Clogged drains are a common home plumbing issue, occurring when hair, waste, or food products-depending on the use of the drain-get stuck in the pipe, stopping water or waste from draining. You can deal with some clogs on your own, but for serious issues, you may need to call in a professional.
One day, your shower, toilet, or kitchen sink is working just fine. The next, you take a shower, use the restroom, or wash the dishes and you’re left with dirty water that just won’t drain-or worse, is overflowing from the basin. What happened? Most likely, the drain is clogged with solid material-hair in the shower, waste and paper in the toilet, or food in the kitchen sink. Clogs start small but can get nasty fast, especially if you don’t deal with them in a timely fashion. There are a number of DIY fixes for minor drain clogs, but if you’ve exhausted your options or the problem is severe, you’ll need to call a professional plumber.
You can attack a clogged drain head-on using a standard plunger. Fill the basin with enough water to cover the plunger head, and then place the plunger over the affected drain so that it creates a seal. Pump the plunger up and down rapidly, forcing water in and out of the drain, and then pop it off to break the seal. Repeat, if necessary. This should loosen and flush away minor clogs. If plunging several times fails to loosen the blockage, purchase a chemical drain opener and use it as directed on the package. Be aware, however, that the caustic agents in chemical drain openers can actually harm some fixtures. If a plunger and a full container of drain opener don’t do the trick, it might be time to bring in an expert.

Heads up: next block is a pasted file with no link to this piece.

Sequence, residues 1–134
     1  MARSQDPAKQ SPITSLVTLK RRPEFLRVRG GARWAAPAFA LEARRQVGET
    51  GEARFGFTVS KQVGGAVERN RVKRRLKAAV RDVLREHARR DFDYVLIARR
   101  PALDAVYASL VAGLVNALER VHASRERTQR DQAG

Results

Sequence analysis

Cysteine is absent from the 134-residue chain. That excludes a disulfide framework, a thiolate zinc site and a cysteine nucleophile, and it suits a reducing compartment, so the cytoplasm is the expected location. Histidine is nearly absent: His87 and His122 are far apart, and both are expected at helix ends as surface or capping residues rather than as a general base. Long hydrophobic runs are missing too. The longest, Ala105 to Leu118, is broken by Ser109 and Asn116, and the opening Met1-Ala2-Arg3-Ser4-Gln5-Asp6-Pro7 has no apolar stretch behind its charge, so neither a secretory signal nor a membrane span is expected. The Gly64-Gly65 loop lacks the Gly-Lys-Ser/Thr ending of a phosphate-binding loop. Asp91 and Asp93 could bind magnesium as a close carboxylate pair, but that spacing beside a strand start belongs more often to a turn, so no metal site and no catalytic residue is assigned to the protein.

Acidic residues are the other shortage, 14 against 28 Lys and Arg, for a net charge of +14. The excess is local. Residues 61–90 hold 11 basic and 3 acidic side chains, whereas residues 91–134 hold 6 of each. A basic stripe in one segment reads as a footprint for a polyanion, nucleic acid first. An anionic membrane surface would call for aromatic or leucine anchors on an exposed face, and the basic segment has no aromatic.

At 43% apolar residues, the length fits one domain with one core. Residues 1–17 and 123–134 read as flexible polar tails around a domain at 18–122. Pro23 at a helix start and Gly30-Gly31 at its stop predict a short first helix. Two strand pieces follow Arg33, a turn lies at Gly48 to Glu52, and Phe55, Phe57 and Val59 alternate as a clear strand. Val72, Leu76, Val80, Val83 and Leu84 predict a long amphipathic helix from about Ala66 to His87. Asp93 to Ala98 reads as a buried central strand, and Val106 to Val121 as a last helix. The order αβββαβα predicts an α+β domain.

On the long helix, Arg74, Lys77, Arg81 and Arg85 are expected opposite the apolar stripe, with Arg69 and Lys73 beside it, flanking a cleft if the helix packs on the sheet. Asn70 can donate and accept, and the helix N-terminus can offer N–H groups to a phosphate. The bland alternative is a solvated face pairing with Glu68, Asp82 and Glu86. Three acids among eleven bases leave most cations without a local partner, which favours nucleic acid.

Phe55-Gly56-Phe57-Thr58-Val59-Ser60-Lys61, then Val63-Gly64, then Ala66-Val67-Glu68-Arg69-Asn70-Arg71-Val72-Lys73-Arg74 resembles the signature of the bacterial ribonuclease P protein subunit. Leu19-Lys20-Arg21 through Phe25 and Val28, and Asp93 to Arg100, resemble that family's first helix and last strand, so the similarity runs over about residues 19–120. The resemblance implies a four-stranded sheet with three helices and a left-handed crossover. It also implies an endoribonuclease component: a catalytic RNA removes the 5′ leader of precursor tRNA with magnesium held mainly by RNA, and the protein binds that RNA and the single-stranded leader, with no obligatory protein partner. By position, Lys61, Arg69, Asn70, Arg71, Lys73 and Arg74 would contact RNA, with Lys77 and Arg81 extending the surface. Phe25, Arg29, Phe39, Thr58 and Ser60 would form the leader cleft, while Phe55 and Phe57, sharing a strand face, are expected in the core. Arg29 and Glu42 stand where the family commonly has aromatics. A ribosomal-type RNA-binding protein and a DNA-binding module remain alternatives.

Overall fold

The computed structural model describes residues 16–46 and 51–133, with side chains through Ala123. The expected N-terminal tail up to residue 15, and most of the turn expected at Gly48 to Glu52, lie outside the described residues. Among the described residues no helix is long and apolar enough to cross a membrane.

What the Pros Do
Professional plumbers have an array of tools in their arsenal to fight clogs. One of the most basic is the drain snake, also known as a drain auger. Plumbers spiral this long, flexible cable down into the pipe until it reaches the clog, displacing it. A more modern piece of plumbing technology is the hydro-jet, which is designed to blast through and eradicate pipe blockages. While a drain snake is generally effective on basic clogs, hydro-jetting can get rid of years of accumulated sludge inside your pipes.
Most plumbing systems will need occasional maintenance and professional drain cleaning, but you can take steps to decrease the frequency of clogged drains. In the kitchen, avoid pouring cooking grease down the drain, as it can accumulate and harden inside the pipe. If you have a garbage disposal, always flush it with water to keep food from sticking to the pipe. In the bathroom sink and shower, use drain stoppers or strainers to keep hair and other materials from going down the drain. Only flush items down the toilet that are labeled “flushable.” Anything else may clog the plumbing. And finally, always address minor clogs before they become complete blockages. When you notice your water draining more slowly than usual, especially if it gets a little worse each day, it’s time to take action.